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Reviewed by Asher Syed for Readers' Favorite
Murder by the Numbers by Steve Leshin is a historical murder mystery and the fifth book in the Joshua Oates Adventure series, preceded by Vengeance of the Ripper, Target of Fear, A Darker Shade of Greed, and The Killer's Code. As with the others, the protagonist is former police squad leader turned private investigator, Joshua Oats. Now in New York, Oates is thrown three hitches in quick succession: an envelope of cash, a ransacked office, and the death one Roger Astor, the latter both being not who Oates knew him to be and leading to suspicion that it wasn't a cut and dry heart attack, and the blink and you'll miss it abduction of Madeleine Astor. Set during the 1920s Prohibition era and complete with tommy guns and mafioso led by a French national, and with names like Hacksaw Hank, Nick the Nose, and Tony Two Times, Oates is roped back in as a government contractor to help solve the connected murder and arms dealing cases, neither of which are anything like they seem.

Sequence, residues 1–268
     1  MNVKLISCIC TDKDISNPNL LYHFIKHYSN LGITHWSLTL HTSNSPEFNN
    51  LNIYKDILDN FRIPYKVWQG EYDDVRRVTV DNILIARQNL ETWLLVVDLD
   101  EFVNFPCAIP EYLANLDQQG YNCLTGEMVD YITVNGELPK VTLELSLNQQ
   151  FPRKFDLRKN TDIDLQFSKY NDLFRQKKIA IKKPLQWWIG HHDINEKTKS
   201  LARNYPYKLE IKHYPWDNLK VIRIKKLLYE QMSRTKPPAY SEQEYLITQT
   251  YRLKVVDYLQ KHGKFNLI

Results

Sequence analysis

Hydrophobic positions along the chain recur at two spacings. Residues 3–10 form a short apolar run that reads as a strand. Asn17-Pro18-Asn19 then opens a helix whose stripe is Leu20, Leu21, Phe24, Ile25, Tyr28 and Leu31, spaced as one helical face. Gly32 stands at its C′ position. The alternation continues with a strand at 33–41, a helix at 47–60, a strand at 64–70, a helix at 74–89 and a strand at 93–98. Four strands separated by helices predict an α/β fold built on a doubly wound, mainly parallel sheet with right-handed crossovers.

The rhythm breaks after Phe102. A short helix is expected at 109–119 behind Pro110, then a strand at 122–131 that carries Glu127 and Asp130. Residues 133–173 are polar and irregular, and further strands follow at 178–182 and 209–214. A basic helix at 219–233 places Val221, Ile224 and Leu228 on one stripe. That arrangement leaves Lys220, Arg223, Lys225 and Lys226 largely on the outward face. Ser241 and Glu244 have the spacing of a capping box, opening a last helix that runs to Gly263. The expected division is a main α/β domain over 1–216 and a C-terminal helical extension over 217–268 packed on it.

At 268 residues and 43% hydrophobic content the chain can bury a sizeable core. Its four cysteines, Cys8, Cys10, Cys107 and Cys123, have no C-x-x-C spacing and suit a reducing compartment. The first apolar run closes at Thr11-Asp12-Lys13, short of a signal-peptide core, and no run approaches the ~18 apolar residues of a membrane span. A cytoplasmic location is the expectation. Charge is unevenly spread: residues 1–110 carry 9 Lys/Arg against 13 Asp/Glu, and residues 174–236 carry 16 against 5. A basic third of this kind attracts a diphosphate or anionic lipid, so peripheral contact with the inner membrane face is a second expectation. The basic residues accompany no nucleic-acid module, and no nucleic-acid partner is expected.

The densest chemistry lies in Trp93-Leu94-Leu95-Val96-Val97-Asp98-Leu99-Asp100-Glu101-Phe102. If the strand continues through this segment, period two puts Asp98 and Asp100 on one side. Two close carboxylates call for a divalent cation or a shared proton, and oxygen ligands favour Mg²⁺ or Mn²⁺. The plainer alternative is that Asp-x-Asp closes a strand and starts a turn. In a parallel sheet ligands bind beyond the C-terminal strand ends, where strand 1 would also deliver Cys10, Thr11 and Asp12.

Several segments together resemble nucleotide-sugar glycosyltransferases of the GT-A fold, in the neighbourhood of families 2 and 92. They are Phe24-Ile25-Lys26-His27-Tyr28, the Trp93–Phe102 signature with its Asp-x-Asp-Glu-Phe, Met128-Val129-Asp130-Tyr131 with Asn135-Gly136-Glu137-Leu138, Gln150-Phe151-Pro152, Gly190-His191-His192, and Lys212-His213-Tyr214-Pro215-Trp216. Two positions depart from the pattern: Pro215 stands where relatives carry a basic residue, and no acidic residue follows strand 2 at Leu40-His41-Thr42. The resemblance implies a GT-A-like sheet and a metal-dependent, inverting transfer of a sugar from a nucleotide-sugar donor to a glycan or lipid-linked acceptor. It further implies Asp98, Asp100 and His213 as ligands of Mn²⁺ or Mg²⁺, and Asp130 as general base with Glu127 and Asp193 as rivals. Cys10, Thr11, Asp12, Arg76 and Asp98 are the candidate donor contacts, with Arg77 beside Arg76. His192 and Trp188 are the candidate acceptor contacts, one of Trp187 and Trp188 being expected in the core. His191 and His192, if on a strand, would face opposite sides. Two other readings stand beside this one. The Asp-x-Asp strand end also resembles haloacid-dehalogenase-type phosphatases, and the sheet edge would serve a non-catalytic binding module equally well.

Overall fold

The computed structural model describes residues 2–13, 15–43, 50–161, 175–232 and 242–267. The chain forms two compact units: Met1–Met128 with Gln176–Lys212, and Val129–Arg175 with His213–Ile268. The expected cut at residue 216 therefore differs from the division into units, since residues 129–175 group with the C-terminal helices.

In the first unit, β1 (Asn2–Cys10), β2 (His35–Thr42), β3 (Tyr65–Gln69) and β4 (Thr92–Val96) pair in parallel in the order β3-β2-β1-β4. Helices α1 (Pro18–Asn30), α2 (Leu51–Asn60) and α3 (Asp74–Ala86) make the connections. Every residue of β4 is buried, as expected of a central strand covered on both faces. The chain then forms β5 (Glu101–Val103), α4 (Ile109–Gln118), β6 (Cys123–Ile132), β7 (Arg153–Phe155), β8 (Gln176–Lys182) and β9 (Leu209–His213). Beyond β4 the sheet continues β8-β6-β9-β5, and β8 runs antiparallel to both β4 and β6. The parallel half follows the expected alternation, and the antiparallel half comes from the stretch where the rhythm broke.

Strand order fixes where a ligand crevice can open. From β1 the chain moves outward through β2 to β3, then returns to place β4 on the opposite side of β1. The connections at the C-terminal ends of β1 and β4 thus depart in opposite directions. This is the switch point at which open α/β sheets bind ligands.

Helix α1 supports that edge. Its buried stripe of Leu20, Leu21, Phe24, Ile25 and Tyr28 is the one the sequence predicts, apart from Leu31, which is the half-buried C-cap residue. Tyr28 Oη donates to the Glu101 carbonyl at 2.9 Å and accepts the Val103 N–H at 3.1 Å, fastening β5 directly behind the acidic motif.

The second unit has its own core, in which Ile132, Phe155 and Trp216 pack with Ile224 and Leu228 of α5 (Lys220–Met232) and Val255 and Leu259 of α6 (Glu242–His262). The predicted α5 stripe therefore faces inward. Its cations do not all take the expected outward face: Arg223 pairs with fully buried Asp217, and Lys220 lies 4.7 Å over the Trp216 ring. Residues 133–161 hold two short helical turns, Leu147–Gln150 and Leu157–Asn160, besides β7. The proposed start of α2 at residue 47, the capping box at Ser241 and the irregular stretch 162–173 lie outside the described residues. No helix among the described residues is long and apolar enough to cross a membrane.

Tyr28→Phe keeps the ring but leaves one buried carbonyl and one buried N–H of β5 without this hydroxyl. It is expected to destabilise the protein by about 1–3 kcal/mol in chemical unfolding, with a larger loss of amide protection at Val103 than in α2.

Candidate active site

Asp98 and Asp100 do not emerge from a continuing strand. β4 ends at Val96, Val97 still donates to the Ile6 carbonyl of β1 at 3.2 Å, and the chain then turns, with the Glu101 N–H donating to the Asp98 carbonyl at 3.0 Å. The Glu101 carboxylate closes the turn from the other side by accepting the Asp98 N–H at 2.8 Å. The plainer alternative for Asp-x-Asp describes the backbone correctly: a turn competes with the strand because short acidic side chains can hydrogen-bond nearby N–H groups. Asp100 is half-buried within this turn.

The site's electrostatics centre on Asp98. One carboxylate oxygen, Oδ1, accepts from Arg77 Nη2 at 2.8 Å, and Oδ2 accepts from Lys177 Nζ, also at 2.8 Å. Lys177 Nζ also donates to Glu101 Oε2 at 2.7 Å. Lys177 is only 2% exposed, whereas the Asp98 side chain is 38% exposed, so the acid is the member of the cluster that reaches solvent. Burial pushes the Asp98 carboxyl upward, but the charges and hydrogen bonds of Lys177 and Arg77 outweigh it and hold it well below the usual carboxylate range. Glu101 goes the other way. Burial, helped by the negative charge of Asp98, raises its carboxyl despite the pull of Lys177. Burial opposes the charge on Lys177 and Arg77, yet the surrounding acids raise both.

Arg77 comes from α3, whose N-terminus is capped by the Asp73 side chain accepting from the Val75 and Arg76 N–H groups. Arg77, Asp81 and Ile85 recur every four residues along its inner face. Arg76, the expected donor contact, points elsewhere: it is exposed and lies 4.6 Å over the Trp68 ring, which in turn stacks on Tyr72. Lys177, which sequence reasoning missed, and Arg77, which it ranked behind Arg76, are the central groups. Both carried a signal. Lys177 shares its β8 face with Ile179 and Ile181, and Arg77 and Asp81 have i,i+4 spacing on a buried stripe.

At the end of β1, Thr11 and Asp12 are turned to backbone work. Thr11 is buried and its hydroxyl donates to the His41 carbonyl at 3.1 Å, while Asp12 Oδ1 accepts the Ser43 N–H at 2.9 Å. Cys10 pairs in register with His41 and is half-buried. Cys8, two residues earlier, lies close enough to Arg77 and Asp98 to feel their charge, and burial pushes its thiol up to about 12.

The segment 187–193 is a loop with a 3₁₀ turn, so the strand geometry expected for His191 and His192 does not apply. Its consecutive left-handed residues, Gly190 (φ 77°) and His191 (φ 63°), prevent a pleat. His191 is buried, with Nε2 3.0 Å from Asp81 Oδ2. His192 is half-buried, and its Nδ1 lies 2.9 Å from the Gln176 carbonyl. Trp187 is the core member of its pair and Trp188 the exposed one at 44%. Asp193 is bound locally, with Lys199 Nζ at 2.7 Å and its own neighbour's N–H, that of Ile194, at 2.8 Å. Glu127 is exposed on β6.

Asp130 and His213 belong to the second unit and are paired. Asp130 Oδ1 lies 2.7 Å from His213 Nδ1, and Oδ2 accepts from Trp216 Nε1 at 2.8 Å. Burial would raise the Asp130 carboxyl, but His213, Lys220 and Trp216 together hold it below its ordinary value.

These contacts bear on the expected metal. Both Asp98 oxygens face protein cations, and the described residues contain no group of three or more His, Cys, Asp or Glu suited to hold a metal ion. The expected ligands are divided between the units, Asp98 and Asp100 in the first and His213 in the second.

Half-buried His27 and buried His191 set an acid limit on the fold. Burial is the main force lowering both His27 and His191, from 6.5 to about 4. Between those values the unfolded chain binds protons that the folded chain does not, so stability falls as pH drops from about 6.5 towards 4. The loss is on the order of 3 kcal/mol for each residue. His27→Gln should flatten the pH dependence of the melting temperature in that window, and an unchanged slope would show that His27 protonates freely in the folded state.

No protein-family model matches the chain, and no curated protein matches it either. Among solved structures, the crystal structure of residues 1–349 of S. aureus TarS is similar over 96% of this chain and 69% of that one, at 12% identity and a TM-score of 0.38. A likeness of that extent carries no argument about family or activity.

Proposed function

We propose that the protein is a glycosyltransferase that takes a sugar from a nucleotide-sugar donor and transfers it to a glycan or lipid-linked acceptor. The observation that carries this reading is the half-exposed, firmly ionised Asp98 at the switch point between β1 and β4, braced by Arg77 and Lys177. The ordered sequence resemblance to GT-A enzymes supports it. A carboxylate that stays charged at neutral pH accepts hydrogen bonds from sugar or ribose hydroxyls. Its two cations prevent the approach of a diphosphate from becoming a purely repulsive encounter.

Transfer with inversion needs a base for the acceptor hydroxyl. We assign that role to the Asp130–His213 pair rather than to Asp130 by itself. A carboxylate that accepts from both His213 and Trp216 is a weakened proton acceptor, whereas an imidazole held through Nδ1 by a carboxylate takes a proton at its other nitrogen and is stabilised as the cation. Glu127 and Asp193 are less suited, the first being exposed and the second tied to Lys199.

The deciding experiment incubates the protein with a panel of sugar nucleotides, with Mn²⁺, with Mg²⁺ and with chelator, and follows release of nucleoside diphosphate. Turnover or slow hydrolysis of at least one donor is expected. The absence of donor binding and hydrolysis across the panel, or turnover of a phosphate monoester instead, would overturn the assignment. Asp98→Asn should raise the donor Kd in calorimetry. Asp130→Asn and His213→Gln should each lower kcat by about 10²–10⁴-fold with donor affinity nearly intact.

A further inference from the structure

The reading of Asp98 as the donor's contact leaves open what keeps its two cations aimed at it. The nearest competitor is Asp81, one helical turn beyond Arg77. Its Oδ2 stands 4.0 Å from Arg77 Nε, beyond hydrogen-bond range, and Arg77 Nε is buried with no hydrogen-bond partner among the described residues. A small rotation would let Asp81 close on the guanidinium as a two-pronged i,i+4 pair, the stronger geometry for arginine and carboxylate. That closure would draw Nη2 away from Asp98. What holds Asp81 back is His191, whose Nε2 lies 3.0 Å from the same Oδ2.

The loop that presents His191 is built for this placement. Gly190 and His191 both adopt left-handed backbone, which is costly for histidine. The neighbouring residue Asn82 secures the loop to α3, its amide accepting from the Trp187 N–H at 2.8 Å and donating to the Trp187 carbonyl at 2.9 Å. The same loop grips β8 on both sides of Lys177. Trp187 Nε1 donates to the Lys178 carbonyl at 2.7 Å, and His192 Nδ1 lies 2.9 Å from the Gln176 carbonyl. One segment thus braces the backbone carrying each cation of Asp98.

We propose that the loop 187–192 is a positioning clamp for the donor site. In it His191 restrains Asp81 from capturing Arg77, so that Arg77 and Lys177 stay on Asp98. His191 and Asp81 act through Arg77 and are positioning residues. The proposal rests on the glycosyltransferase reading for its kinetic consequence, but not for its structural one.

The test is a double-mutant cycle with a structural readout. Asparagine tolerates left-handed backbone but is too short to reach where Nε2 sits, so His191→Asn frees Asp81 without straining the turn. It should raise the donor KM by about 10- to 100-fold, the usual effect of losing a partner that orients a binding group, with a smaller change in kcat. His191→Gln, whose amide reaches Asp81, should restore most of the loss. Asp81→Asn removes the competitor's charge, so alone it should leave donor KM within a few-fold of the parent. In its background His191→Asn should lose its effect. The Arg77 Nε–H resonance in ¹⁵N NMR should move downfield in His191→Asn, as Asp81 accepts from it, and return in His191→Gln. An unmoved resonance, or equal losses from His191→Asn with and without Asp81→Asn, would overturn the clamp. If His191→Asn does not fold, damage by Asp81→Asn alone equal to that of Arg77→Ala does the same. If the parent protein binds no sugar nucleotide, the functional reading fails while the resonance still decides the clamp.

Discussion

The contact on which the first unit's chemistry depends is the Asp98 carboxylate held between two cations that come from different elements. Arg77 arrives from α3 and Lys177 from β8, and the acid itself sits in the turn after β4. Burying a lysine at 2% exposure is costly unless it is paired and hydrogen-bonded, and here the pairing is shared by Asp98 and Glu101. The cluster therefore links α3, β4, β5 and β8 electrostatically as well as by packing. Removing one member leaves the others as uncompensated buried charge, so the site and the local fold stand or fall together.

And the Academy Award for the best ancillary character in a book series goes to Bruno the enforcer! I think one of the areas that author Steve Leshin is most skilled in is the development of characters and this is as apparent as ever in Murder by the Numbers. With Joshua Oates, a reader has the benefit of the long game. He is, after all, the name on the book jacket. The same goes for those who share continuity between the stories like love interest Angie Lang. The characters that have to be developed on the fly are the most impressive, and antagonist Adrian Desharde and his right-hand Bruno are so exceptional that you almost care about them at first. Leshin throws some spanners in the works and a couple of red herrings, both the character and plot twists, and the narrative and dialogue suit the time period deliciously. Lovers of classic fiction will be tickled by characters that sound like they jumped out of a James Bond novel, like the triple barrel Germanically named Darla Von Hatteburg. Somewhere out in the afterlife, Ian Flemming is nodding in appreciation and saying, “Well played, Leshin. Well played.” Very highly recommended.